Send the link below via email or IMCopy
Present to your audienceStart remote presentation
- Invited audience members will follow you as you navigate and present
- People invited to a presentation do not need a Prezi account
- This link expires 10 minutes after you close the presentation
- A maximum of 30 users can follow your presentation
- Learn more about this feature in our knowledge base article
religious freedom prior to 1700s
Transcript of religious freedom prior to 1700s
North American Colonies Prior to The 1700's Jennifer Aparicio New England Colonies Middle Colonies Southern Colonies Not much religious freedom due to Puritan influence.
The Puritan church was the only one permitted.
All people were required to belong to it. New England Colonies Rhode Island was an exception .
Founded by Roger Williams on the basis that everyone had the right to practice their religion as they pleased to. Were the most tolerant of all the colonies. Middle Colonies Southern Colonies Was somewhat tolerant as the colonies seemed to be divided. Not everyone conformed to the strict Puritan society.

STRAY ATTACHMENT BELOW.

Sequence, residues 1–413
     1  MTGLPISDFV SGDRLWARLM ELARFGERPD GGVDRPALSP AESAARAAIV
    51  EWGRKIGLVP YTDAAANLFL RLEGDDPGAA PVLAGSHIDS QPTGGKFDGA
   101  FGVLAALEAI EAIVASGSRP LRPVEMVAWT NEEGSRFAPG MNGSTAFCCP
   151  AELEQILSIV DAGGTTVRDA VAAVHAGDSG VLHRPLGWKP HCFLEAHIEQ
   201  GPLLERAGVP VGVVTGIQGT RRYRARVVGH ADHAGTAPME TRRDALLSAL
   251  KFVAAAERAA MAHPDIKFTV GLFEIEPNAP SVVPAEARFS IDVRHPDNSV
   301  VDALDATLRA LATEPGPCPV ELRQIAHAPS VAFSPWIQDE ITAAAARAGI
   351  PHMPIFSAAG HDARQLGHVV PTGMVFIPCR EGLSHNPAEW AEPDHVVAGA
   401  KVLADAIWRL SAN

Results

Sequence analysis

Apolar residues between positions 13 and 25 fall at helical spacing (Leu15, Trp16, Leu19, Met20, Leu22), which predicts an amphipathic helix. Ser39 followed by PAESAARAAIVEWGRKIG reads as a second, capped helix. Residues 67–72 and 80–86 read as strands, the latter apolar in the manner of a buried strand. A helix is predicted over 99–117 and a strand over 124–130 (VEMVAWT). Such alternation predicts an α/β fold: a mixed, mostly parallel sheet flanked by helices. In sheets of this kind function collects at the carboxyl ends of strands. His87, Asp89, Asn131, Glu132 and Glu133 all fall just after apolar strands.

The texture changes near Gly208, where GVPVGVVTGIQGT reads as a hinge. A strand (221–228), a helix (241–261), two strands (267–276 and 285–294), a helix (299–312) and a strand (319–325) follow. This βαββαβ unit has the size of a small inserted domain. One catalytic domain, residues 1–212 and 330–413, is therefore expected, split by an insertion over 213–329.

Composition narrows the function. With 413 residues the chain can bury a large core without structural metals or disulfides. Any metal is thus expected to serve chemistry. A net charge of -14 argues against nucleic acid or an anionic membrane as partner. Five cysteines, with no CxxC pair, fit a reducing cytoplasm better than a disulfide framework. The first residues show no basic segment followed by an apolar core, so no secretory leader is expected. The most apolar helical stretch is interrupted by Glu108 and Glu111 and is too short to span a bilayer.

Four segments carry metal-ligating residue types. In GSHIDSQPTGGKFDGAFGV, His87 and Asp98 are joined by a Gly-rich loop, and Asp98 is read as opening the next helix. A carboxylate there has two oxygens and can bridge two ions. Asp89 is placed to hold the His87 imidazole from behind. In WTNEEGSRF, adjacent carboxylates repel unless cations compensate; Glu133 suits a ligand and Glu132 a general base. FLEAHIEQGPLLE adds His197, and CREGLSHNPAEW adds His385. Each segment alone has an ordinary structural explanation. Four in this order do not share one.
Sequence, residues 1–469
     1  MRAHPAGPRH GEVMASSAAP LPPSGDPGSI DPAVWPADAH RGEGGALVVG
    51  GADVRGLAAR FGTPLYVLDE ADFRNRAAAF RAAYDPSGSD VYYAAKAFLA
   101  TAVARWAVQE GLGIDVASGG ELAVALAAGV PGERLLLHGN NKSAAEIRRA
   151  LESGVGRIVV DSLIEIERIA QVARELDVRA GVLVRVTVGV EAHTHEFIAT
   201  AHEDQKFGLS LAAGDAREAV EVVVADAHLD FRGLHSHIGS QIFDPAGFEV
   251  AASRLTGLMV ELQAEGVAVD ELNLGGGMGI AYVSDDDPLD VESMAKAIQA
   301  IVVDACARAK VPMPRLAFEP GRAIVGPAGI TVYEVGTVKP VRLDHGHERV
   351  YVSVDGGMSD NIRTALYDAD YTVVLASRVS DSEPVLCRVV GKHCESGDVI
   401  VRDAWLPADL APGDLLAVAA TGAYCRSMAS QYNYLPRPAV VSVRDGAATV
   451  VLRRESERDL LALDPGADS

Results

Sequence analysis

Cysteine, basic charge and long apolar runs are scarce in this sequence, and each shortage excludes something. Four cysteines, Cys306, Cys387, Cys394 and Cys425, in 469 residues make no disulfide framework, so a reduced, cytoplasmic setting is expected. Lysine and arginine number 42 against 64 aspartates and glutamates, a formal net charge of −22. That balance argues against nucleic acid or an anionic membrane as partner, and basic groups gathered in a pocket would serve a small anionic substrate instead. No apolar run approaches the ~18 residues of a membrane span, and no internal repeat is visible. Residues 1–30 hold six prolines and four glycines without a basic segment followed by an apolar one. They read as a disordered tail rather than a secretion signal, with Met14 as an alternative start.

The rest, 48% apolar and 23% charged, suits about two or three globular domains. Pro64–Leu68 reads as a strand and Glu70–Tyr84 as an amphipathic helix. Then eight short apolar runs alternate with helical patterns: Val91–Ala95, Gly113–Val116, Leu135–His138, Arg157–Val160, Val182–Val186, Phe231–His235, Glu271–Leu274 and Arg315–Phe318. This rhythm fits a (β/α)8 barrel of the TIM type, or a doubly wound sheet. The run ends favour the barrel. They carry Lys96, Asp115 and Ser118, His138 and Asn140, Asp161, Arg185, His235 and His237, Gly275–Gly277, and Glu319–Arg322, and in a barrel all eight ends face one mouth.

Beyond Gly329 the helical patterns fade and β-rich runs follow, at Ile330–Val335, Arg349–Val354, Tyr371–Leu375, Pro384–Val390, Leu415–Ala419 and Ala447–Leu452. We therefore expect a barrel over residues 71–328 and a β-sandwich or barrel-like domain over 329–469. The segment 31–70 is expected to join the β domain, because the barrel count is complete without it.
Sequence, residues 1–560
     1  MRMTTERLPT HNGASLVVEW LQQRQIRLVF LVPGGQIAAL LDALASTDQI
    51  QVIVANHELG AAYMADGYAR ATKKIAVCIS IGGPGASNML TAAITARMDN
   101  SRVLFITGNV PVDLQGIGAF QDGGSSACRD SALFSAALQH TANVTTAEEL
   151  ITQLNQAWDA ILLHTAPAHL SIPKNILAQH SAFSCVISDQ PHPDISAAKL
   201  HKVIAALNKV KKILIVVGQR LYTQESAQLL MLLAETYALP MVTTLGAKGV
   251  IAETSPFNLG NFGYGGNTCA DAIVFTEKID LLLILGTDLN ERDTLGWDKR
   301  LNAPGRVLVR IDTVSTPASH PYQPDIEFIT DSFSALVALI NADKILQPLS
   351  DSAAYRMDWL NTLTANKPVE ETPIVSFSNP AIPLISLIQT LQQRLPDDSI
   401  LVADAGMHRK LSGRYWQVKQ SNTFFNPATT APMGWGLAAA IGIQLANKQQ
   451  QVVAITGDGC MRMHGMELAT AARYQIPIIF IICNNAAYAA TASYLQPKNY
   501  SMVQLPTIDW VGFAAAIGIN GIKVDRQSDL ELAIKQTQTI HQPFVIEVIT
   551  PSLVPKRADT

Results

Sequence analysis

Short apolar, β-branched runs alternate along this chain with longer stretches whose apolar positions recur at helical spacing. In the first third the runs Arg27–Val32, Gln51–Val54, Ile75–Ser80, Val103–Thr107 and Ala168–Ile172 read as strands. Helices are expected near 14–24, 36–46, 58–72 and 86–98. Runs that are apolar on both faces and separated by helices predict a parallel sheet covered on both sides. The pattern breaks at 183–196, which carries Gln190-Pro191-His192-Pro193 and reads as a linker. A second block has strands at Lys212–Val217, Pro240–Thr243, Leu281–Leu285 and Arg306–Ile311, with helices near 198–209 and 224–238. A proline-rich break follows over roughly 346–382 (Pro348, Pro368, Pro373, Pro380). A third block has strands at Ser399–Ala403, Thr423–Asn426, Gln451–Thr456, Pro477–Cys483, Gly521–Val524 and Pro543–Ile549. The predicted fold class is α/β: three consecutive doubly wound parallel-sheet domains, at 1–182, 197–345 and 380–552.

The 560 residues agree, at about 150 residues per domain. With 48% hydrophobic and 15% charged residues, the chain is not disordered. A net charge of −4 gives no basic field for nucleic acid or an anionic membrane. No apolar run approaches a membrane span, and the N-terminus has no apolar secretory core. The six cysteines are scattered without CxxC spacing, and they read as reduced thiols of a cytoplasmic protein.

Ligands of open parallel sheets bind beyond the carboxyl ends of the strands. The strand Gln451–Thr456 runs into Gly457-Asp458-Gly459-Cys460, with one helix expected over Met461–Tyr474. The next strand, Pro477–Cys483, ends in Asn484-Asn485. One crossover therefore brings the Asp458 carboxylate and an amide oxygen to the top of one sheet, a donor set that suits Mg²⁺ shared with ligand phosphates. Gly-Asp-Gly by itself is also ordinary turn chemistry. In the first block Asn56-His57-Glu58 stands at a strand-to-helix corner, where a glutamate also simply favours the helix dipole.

Anne Hutchinson believed in salvation by personal experience of God, without the need for obedience to church laws. William Penn, founder of Pennsylvania, established the most generous terms. All religions were welcome and none was imposed. Were under the influence of the Religious Society of Friends or Quakers that believed in religious freedom for anyone and everyone. New York was an exception as it was governed
a strict Dutchman, Peter Stuyvesan. Was very against religious freedom as New York already had an established church
Was especially oppressive of Jews. Maryland, Virginia, and South Carolina had established
South Carolina allowed religious freedom.
Maryland claimed to have religious freedom but they
were limited to only Catholics.
Virginia did not have religious toleration and was
North Carolina was a safe haven for people fleeing
Was very religiously diverse.
Attempted to establish the Church of England but was met
with much opposition.